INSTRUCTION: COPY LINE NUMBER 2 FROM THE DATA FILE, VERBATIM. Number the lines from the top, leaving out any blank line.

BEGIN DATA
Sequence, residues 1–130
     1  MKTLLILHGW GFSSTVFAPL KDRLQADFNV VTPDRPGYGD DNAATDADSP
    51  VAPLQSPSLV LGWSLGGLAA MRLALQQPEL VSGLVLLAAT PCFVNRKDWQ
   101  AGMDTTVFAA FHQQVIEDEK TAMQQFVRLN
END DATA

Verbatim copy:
     1  MKTLLILHGW GFSSTVFAPL KDRLQADFNV VTPDRPGYGD DNAATDADSP